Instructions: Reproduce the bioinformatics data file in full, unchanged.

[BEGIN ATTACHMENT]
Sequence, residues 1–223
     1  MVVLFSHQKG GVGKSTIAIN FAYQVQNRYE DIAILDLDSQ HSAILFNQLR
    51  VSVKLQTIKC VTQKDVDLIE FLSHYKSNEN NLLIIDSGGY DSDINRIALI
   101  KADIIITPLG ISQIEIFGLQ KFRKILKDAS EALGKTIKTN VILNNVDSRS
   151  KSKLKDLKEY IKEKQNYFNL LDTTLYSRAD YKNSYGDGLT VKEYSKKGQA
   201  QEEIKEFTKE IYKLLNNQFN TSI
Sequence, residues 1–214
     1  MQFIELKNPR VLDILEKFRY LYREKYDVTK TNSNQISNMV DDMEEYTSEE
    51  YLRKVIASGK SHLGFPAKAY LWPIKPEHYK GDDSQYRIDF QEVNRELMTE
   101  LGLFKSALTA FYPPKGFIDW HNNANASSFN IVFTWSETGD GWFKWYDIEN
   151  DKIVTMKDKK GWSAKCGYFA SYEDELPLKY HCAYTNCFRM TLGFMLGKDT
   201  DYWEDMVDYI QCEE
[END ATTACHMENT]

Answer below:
Sequence, residues 1–223
     1  MVVLFSHQKG GVGKSTIAIN FAYQVQNRYE DIAILDLDSQ HSAILFNQLR
    51  VSVKLQTIKC VTQKDVDLIE FLSHYKSNEN NLLIIDSGGY DSDINRIALI
   101  KADIIITPLG ISQIEIFGLQ KFRKILKDAS EALGKTIKTN VILNNVDSRS
   151  KSKLKDLKEY IKEKQNYFNL LDTTLYSRAD YKNSYGDGLT VKEYSKKGQA
   201  QEEIKEFTKE IYKLLNNQFN TSI
Sequence, residues 1–214
     1  MQFIELKNPR VLDILEKFRY LYREKYDVTK TNSNQISNMV DDMEEYTSEE
    51  YLRKVIASGK SHLGFPAKAY LWPIKPEHYK GDDSQYRIDF QEVNRELMTE
   101  LGLFKSALTA FYPPKGFIDW HNNANASSFN IVFTWSETGD GWFKWYDIEN
   151  DKIVTMKDKK GWSAKCGYFA SYEDELPLKY HCAYTNCFRM TLGFMLGKDT
   201  DYWEDMVDYI QCEE